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A Puff of Absurdity: Charles Taylor on the Crises of Democracy

Charles Taylor gave a lecture on the “Crises of Democracy” two years ago, as part of a “Civic Freedom in an Age of Diversity” program where he explores the very complex situation we’re in. He says we’re not in a period of democratic stagnation, but in a downward spiral that has to be actively . . . → Read More: A Puff of Absurdity: Charles Taylor on the Crises of Democracy

BigCityLib Strikes Back: Josh Gelernter, Science-y Type Guy

He writes, bitching about The Left, Science, The Earth Centered Universe, Climate Change, and all that:People tend to think that proponents of an Earth-centered solar system were nothing but intransigent religious fanatics. In fact, they included scien… . . . → Read More: BigCityLib Strikes Back: Josh Gelernter, Science-y Type Guy

A Puff of Absurdity: On So Much Anger

Anger may be defined as an impulse, accompanied by pain, to a conspicuous revenge for a conspicuous slight directed without justification towards what concerns oneself or towards what concerns one’s friends. If this is a proper definition of anger, it must always be felt towards some particular individual, e.g. Cleon, and not “man” . . . → Read More: A Puff of Absurdity: On So Much Anger

A Puff of Absurdity: On Friendships of Utility not Virtue

It sounds horrible, doesn’t it?  Like we’re using people, hanging out with them only because they have a nice car or because they often pick up the bill for lunch. I wrote here about utility like it’s a bad thing, but what if we use people for their company? Does that make it different? . . . → Read More: A Puff of Absurdity: On Friendships of Utility not Virtue

A Puff of Absurdity: On Acting Nice

I’ve been watching lots of movies and thinking about this bit from Aristotle:

“But we get the virtues by having first performed the energies, as is the case also in all the other arts; for those things which we must do after having learnt them we learn to do by doing them; as, . . . → Read More: A Puff of Absurdity: On Acting Nice

Joe Fantauzzi: Rob Ford’s Political Body

Toronto’s Rob Ford lives a political life. Both his bare existence and his public personae have taken on a politicization since he entered municipal governance. Plainly said, his weight and other biological issues have become just as political as his public life as “mayor” of the City of Toronto. The Ancient Greeks, such as Aristotle, . . . → Read More: Joe Fantauzzi: Rob Ford’s Political Body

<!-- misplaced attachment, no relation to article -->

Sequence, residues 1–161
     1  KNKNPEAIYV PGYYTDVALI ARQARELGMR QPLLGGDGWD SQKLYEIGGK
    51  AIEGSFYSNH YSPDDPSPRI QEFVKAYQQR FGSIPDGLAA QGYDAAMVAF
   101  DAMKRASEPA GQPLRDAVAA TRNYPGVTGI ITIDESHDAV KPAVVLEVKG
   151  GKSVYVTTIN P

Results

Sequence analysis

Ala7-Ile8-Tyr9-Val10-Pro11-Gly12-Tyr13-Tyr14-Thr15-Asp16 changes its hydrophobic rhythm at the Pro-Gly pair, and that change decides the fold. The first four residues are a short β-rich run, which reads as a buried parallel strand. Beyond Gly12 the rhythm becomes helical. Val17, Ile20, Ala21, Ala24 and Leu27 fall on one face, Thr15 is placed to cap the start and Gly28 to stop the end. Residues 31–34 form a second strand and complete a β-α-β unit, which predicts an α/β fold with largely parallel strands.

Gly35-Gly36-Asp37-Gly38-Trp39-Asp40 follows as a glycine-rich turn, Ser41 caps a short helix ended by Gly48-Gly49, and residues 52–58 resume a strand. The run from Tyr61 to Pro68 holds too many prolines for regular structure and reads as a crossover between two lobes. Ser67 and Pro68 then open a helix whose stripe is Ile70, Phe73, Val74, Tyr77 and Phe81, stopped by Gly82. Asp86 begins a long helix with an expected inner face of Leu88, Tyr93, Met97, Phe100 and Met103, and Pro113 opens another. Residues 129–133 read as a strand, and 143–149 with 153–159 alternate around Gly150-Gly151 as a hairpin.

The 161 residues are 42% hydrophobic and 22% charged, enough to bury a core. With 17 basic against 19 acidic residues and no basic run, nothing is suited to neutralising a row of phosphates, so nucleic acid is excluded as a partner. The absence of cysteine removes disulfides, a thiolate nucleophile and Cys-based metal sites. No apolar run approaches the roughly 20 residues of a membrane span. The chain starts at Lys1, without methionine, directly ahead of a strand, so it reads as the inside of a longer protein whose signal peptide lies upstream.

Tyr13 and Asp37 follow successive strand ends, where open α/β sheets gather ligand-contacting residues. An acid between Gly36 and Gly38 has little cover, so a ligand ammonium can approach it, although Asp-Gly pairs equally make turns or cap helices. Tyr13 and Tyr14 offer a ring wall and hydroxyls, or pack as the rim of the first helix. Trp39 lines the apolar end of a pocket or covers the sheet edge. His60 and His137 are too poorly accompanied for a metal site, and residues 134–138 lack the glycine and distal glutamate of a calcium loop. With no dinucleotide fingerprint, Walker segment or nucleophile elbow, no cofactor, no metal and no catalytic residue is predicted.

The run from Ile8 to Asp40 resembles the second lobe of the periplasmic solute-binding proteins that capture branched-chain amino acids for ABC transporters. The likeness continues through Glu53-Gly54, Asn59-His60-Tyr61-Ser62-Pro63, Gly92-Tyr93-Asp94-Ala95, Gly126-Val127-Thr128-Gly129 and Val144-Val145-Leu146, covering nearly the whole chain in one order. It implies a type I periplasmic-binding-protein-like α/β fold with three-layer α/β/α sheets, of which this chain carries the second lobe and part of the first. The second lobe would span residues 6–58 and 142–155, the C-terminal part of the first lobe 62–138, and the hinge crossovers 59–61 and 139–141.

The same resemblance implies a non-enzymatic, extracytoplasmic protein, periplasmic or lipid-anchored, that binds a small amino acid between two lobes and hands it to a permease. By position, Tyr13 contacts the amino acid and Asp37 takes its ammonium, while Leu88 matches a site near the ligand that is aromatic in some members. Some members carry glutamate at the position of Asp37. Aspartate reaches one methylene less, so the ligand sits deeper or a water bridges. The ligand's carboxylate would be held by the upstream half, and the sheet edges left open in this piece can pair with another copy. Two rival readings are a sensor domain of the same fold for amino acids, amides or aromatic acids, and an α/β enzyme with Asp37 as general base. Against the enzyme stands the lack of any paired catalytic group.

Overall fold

Political Eh-conomy: Aristotle contra the math stick: Magic numbers redux

In the last post I explored how magic numbers, such as a 90% debt-to-GDP ratio or a 2% inflation target, at once over-simplify and stifle economic policy debate. The role of magic numbers raises more general questions about “the rule of number” in economics. The math stick used to browbeat those who enter economic policy . . . → Read More: Political Eh-conomy: Aristotle contra the math stick: Magic numbers redux

Political Eh-conomy: There is no good value

A piece in the Financial Times from several days ago has finally pushed me to scribble down a few initial thoughts on value – a topic I been thinking about more and more. Titled “The attack of the rentier killers”, the article argues that the wealthy who hold and receive income from assets will fight . . . → Read More: Political Eh-conomy: There is no good value

Alberta Diary: Campaign Diary Volume 14: ‘You’ll hear no irresponsible calls from me to slash programs’

Here’s a video of my opening remarks to the St. Albert Taxpayers Association’s all-candidates’ forum last night. Mayor Nolan Crouse, at left, and candidate Ted Durham, are visible in the frame.

Here’s the heart of my opening remarks to the St. Alberta Taxpayers Association (SATA) all-candidates forum at the Arden Theatre in . . . → Read More: Alberta Diary: Campaign Diary Volume 14: ‘You’ll hear no irresponsible calls from me to slash programs’

Parchment in the Fire: Debt and Democracy

While this was written by Cicero in 44 BCE, after the assassination of Caesar and a year before Antony had Cicero murdered, the sentiment can be heard in today republicans–particularly those associated with the Tea Party. Any attempt at redistribution, according to Cicero, threatens the very foundation of the republic, which, he points out, was . . . → Read More: Parchment in the Fire: Debt and Democracy

Alberta Diary: Campaign Diary Volume 11: The uncomfortable truth about taxes and radical tax cuts

Radical cuts can’t be accomplished without harm – anyone who says different, like the city council candidate above, is presenting an illusion. Actual St. Albert city council candidates may not appear exactly as illustrated. Below: The philosopher Aristotle.

A St. Albertan has asked me the tough question that all city council candidates are . . . → Read More: Alberta Diary: Campaign Diary Volume 11: The uncomfortable truth about taxes and radical tax cuts

A Puff of Absurdity: Animal Testing: What’s wrong with education this time?

Okay it’s really about our kids.  But this post was inspired, in part, by this cartoon gaining swift popularity:

There’s a burgeoning rebellion against the way we teach.  I’m all for rebellion, but we have to figure out if we really want to overhaul the entire system or just tweak it a . . . → Read More: A Puff of Absurdity: Animal Testing: What’s wrong with education this time?

Five of Five: Aristotle, Homer, Rembrandt and Joseph Heller

Aristotle Contemplating a Bust of Homer, Rembrandt van Rijn. (1653) Apparently Joseph Heller wrote his novel Picture This about this painting. The only Heller novel I haven’t read yet. Heller conclude… . . . → Read More: Five of Five: Aristotle, Homer, Rembrandt and Joseph Heller